This week, we learned …
Easter Island has long been used as an example of ecocide, in which residents exhausted the island’s resources and suffered a population collapse. The collapse didn’t actually happen until Easter Islanders met the guns, germs, and steel of European visitors.
Photograph by Randy Olson, National Geographic
Who are the most famous residents of Easter Island?
Is the North American West Coast prone to earthquakes?
The new research was inspired by a citizen science question on #layeredlatte Instagram.
Photograph by Jesse Sutton
What are the layers in the deep blue sea?
Photograph by Selena N.B.H., courtesy Wikimedia. CC-BY-2.0
What are bar mitzvahs? (Page 48!)
In the 1600s, deaf servants were the favored companions of the sultan of the Ottoman Empire, and their facility in nonverbal communication made them indispensable to the court.
Photograph by James L. Stanfield, National Geographic
Where was the Ottoman Empire?
Download this spectacular Nat Geo map to understand “California’s Water Challenge” and how droughts can impact entire regions.
Map by National Geographic
What was California’s “megadrought”?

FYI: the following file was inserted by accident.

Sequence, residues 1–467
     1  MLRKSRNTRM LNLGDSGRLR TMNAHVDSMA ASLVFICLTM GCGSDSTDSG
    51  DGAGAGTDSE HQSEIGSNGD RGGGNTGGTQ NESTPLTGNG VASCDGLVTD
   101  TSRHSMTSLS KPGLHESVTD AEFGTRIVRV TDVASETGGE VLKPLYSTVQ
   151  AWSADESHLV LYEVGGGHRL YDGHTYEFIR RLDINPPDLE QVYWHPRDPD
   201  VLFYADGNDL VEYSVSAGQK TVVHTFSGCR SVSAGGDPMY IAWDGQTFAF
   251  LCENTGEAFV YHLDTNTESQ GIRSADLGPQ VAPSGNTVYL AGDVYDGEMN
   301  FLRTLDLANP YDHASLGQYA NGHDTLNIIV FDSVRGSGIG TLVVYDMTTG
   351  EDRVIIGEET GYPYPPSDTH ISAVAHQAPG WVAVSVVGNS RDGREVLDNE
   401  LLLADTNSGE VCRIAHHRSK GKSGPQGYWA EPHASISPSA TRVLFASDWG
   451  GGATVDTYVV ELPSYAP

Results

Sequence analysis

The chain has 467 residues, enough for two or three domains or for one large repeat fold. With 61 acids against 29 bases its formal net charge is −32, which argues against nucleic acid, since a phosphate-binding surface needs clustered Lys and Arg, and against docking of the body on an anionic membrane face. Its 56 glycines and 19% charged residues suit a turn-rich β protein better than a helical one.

When 17th-century Japanese princess Shinanomiya Tsuneko took note of an afternoon storm in her diary one humid Kyoto summer, she could not have imagined her observations would one day help resolve a longstanding scientific conundrum.
Woodblock print by Katsushika Hokusai. Public domain
What is lightning?
Individuals representing a broad spectrum of gender identities and expressions pose for a group portrait. Photograph by Henry Leutwyler, National Geographic.
How are other e-commerce giants managed?
The great poet Ovid was exiled from Rome for unspecified offenses in 8 CE.
Painting by Luca Signorelli, courtesy Wikimedia. Public domain
What were the limits to citizenship in Ancient Rome?
Image by George Stock, courtesy the Central Intelligence Agency
Learn a little about Project Blue Book—the government program to study UFOs.
Download and print your own map of this coastal African nation here.